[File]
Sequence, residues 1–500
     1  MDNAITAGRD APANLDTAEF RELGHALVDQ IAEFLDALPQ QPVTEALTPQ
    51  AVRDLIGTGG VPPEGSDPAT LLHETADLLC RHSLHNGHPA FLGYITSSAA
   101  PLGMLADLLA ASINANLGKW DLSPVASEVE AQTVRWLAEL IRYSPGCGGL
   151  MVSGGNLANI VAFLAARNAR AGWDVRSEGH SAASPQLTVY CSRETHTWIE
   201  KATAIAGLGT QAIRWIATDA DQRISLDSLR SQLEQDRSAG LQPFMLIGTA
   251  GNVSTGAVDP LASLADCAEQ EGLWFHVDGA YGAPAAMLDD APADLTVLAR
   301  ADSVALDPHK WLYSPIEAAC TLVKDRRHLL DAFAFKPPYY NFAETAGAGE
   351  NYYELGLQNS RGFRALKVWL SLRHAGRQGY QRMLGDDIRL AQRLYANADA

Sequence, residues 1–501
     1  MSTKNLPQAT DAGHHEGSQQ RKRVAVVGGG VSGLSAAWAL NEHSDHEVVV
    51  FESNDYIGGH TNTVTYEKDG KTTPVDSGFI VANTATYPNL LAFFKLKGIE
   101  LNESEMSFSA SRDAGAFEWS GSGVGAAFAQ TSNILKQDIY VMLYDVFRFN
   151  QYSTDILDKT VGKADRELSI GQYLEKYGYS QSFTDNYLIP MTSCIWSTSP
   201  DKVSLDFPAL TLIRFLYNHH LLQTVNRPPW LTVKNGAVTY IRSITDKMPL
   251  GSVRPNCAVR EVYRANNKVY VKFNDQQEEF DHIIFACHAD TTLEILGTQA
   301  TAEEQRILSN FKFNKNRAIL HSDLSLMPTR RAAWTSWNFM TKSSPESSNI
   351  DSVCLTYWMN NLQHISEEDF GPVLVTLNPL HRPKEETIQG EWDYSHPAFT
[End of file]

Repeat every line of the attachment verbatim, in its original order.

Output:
Sequence, residues 1–500
     1  MDNAITAGRD APANLDTAEF RELGHALVDQ IAEFLDALPQ QPVTEALTPQ
    51  AVRDLIGTGG VPPEGSDPAT LLHETADLLC RHSLHNGHPA FLGYITSSAA
   101  PLGMLADLLA ASINANLGKW DLSPVASEVE AQTVRWLAEL IRYSPGCGGL
   151  MVSGGNLANI VAFLAARNAR AGWDVRSEGH SAASPQLTVY CSRETHTWIE
   201  KATAIAGLGT QAIRWIATDA DQRISLDSLR SQLEQDRSAG LQPFMLIGTA
   251  GNVSTGAVDP LASLADCAEQ EGLWFHVDGA YGAPAAMLDD APADLTVLAR
   301  ADSVALDPHK WLYSPIEAAC TLVKDRRHLL DAFAFKPPYY NFAETAGAGE
   351  NYYELGLQNS RGFRALKVWL SLRHAGRQGY QRMLGDDIRL AQRLYANADA

Sequence, residues 1–501
     1  MSTKNLPQAT DAGHHEGSQQ RKRVAVVGGG VSGLSAAWAL NEHSDHEVVV
    51  FESNDYIGGH TNTVTYEKDG KTTPVDSGFI VANTATYPNL LAFFKLKGIE
   101  LNESEMSFSA SRDAGAFEWS GSGVGAAFAQ TSNILKQDIY VMLYDVFRFN
   151  QYSTDILDKT VGKADRELSI GQYLEKYGYS QSFTDNYLIP MTSCIWSTSP
   201  DKVSLDFPAL TLIRFLYNHH LLQTVNRPPW LTVKNGAVTY IRSITDKMPL
   251  GSVRPNCAVR EVYRANNKVY VKFNDQQEEF DHIIFACHAD TTLEILGTQA
   301  TAEEQRILSN FKFNKNRAIL HSDLSLMPTR RAAWTSWNFM TKSSPESSNI
   351  DSVCLTYWMN NLQHISEEDF GPVLVTLNPL HRPKEETIQG EWDYSHPAFT